July 21, 2000
Last year, best-selling golf writer Curt Sampson set out to do a story focusing on five or six professional golfers as they tried to win the 1999 British Open at Carnoustie.
For various reasons, however, Sampson’s original approach to covering The Open didn’t pan out. Instead, he wrote an even better story, with at least five separately fascinating subplots, in Royal and Ancient:Blood, Sweat, and Fear at the British Open (Villard, $25.95 SRP).
The fact that Sampson chose to write about the British Open in 1999, one of the most compelling major tournaments in recent memory, is simply an extraordinary bonus.
First, Sampson gives his readers a history of British golf, and Scottish golfers receive the deservedly greatest focus. The triumphant yet tragic story of early Open winners Tom Morris and his son helps define what some consider the Scottish national character, viewed from a golfer’s perspective.
Second, Sampson describes the history of The Open, from its admittedly humble beginnings to today. The influence of American golfers in enhancing The Open’s status, especially after Arnold Palmer’s 1961 triumph, is detailed here nicely. Sampson nonetheless realizes that The Open deserves its major status with or without American television interest or money.
Third, Sampson understands golf and golfers. He followed five players in particular, and their British Open experience made for interesting reading.
Steve Elkington’s personality is more complex than one might have first thought. Andrew Magee’s honesty and good humor will be a revelation to many readers. Clark Dennis’s travails will sound familiar to golfing fanatics who follow the fall PGA tournaments to see if their guy makes the top 125 on the money list for the next year. Zane Scotland, the improbably named boy who marked his 19th birthday by competing in The Open in his native land, shows some of the best qualities of amateur golfers in the intense atmosphere of a major tournament.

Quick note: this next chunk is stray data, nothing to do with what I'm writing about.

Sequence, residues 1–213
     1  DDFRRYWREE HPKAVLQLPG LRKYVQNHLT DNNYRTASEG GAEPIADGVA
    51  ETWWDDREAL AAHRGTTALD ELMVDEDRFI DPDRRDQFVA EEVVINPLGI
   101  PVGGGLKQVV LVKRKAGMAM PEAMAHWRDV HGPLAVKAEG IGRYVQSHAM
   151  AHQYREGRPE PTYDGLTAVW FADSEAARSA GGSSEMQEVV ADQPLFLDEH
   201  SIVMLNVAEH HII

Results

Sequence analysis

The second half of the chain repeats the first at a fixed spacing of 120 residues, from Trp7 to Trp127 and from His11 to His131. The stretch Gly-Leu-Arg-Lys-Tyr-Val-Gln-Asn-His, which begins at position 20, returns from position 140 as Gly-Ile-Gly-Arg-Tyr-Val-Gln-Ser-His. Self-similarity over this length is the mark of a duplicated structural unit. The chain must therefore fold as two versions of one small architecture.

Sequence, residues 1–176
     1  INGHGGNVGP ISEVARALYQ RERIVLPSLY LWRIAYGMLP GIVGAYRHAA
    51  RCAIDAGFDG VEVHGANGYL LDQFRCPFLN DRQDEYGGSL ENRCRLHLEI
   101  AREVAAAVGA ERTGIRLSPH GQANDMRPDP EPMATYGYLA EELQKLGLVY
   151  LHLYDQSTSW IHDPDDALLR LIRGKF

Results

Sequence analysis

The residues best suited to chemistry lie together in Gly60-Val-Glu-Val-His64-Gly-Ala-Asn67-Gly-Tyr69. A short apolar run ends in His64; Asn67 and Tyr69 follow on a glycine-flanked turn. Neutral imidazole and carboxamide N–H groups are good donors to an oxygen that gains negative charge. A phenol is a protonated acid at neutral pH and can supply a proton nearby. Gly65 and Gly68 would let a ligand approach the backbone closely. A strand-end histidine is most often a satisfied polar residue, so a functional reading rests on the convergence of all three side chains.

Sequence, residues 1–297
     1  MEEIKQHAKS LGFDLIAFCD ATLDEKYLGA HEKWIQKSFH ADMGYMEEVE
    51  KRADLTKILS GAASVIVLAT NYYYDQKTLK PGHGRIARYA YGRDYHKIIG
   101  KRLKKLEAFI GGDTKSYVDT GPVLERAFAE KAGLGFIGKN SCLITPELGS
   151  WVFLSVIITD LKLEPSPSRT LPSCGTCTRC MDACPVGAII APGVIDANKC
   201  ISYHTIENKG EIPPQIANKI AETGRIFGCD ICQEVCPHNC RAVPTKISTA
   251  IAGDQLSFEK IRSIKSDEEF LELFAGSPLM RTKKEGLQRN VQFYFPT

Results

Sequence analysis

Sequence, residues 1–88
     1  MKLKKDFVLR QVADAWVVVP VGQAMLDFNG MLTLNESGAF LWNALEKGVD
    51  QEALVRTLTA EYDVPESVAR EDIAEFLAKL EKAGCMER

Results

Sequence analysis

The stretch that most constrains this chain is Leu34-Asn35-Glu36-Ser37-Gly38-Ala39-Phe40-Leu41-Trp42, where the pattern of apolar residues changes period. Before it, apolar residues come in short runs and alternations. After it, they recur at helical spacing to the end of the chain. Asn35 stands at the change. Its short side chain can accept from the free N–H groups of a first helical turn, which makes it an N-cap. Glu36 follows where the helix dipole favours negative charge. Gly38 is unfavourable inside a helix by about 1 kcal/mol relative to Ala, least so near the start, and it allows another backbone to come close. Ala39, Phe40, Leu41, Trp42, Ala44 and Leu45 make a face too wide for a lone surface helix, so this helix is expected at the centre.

Then, of course, there is Jean Van de Velde. His prior professional experience gave no hint of his improbable performance at Carnoustie. Sampson revisits the final round and the playoff in all their complexities, while also taking care to show why Van de Velde’s first three rounds should not have been unnoticed.
All the same, Van De Velde’s triple bogey 7 on the 18th hole at Carnoustie in the final round stunned millions of viewers.
The fact that someone could blow up a hole at The Open was not surprising. The fact that Van de Velde could blow up the last hole, eliminate a rare chance at a major tournament victory, and yet react with grace, perspective, and charm, was the real story. Sampson does great reporting here, without giving short shrift to either Justin Leonard or Paul Lawrie, the eventual winner of the three-way playoff.
Fourth, Sampson writes about Carnoustie, a prime character in its own right. Each golf course in the traditional rota for The Open has its own unique features, and Sampson touches upon them. Carnoustie receives special treatment, for the way the course reflects its town environment and for the way most golfers chose to play it in 1999. The related essay on fairness should spark a debate or two at many 19th holes.
Fifth, Sampson gives a well-rounded portrait of John Philp, Carnoustie’s golf course superintendent. Before, during, and after the event, Philp is alternatively defensive and assertive about the choices his club and the Royal and Ancient committee members made in setting up the course.
Sampson’s comments and reportage do not wholly support those who conclude that Philp was the epitome of a mad greenskeeper, bent on embarrassing the players. On the other hand, Sampson does not try to defend the Scotsman against all criticism. Instead, Philp comes across as a well-intentioned, talented man whose best efforts are nonetheless subject to uncontrollable elements–like wind, rain, and unmet expectations.
Sampson’s Royal and Ancient reveals a golf writer who’s really hit his stride. Don’t wait for the paperback edition.